(ii) depression called oral groove. It originates from


(ii) Shape: Paramecium is often described as slipper shaped, cigar-shaped or spindle-shaped. Its shape is usually constant and is generally asymmetrical.

The body is elongated, blunt and rounded at the anterior end and somewhat pointed at the posterior end. In cross section, it is circular with greatest diameter little behind the centre of body. The anterior half of body is slightly twisted. The body is distinguished into an oral or ventral surface and aboral or dorsal surface. (iii) Oral groove: Ventral surface of body bears a prominent, oblique and shallow depression called oral groove. It originates from the middle of body and extends to the left side of anterior end. Posteriorly, the oral groove leads into a deeper conical vestibule which, in turn, communicates with a buccal cavity having a basal mouth or cytostome. (iv) Pellicle: Body is covered by a living, clear firm and elastic cuticular membrane, the pellicle.

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Electron microscopic studies by Ehret and Powers (1959) have revealed that pellicle is composed of regular series of cavities, the alveoli. All the alveoli collectively form a continuous alveolar layer. Alveolar layer is delimited by an outer alveolar and inner alveolar membrane. The outer alveolar layer lies in close contact beneath the outer cell membrane. (v) Cilia: The entire body surface is covered by numerous, tiny, hair-like fine projections, called cilia. These measure 10-12µ in length and 0.27 µ in diameter. Each cilium arises from the centre of each alveolus of the pellicle.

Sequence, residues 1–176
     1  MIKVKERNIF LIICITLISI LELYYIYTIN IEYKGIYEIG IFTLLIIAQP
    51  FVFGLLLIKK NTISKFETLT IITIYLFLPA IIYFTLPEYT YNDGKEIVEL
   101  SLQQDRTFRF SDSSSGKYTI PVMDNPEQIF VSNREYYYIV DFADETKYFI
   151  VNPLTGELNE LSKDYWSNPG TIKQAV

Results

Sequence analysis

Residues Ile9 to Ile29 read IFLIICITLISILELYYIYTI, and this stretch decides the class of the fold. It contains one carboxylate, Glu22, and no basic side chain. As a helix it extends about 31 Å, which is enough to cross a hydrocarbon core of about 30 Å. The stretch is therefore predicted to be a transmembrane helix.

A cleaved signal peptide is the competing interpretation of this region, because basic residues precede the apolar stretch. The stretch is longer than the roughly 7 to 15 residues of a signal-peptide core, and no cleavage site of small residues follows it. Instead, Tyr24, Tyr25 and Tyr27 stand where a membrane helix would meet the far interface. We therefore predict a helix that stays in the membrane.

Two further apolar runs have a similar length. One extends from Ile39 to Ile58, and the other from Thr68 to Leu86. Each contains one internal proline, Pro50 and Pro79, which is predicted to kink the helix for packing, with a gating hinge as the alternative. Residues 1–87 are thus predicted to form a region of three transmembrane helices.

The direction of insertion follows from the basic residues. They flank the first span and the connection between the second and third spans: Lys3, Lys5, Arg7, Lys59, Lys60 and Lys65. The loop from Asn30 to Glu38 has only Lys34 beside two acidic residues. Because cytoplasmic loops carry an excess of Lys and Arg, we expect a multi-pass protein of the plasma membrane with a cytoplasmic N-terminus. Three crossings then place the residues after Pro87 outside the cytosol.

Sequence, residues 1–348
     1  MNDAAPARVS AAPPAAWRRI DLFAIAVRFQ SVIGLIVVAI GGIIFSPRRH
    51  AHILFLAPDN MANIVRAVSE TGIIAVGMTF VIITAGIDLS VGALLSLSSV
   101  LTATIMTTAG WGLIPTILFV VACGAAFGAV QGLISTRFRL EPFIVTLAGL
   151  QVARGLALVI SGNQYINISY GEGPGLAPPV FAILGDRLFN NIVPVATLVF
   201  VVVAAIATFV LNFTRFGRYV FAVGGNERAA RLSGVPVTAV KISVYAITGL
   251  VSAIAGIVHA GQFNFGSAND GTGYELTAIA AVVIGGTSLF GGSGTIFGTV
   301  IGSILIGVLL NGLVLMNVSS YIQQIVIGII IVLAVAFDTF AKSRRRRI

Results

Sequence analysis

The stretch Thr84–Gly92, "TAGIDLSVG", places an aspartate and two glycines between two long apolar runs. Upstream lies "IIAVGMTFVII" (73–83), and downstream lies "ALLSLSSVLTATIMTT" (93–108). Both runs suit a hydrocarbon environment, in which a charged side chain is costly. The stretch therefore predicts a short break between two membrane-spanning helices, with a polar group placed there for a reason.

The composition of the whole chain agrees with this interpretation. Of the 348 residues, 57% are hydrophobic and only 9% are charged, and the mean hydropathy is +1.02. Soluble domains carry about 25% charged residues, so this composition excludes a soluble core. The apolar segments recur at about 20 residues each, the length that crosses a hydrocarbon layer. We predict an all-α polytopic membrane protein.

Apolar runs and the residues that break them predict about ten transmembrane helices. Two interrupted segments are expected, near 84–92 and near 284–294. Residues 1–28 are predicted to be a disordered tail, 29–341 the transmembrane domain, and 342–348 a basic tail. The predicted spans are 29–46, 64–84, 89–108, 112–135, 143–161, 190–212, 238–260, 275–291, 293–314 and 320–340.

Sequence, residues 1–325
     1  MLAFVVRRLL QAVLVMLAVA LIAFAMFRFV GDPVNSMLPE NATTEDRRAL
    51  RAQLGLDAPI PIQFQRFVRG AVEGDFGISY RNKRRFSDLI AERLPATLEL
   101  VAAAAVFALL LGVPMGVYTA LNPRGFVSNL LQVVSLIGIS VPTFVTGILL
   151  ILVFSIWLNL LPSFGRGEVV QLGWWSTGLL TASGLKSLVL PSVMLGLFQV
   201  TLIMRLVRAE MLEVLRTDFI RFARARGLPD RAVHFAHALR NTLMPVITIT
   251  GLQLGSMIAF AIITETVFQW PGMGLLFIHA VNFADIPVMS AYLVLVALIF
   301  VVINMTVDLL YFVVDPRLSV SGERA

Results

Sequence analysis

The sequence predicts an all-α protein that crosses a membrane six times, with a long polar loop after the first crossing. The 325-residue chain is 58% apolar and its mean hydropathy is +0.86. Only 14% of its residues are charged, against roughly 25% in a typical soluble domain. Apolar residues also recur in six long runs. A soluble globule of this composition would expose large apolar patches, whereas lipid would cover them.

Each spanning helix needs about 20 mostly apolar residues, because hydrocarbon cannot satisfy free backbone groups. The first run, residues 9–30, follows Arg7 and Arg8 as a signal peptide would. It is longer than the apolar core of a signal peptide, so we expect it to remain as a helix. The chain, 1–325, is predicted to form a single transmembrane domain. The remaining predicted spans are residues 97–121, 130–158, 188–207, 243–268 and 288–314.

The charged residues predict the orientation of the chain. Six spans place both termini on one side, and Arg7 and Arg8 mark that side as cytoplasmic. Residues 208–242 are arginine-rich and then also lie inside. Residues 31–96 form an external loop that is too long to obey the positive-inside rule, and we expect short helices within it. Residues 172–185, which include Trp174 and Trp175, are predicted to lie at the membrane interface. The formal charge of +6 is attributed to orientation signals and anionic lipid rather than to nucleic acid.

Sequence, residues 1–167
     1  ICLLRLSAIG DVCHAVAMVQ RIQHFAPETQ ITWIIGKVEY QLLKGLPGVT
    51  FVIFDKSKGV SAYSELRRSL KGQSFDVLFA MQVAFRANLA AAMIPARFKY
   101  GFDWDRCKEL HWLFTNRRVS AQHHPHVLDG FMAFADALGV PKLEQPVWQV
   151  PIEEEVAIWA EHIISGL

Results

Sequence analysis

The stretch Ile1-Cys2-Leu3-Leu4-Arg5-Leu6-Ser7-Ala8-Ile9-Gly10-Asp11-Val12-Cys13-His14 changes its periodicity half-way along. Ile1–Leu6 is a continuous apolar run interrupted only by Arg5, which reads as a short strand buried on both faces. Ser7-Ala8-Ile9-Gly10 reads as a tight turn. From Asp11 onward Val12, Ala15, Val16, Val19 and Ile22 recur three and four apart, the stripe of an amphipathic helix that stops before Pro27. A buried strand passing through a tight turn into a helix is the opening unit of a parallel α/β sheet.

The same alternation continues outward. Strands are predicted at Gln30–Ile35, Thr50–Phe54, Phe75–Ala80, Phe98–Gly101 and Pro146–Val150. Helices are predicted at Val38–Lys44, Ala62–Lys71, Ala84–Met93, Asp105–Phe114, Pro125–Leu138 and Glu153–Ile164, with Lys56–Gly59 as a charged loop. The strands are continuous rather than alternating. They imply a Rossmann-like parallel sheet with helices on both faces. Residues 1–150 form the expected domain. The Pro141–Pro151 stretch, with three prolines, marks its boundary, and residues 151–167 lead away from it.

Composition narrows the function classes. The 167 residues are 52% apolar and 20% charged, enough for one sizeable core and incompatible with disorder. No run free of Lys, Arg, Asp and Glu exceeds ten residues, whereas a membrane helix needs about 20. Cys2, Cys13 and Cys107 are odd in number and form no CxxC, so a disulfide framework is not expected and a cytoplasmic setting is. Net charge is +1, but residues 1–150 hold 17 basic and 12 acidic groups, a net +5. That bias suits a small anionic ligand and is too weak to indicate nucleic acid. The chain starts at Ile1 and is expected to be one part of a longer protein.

Cilia are arranged in regular longitudinal rows. Their length is uniform throughout, except for a few longer cilia at the extreme posterior end of the body forming a caudal tuft, hence the species name caudatum.

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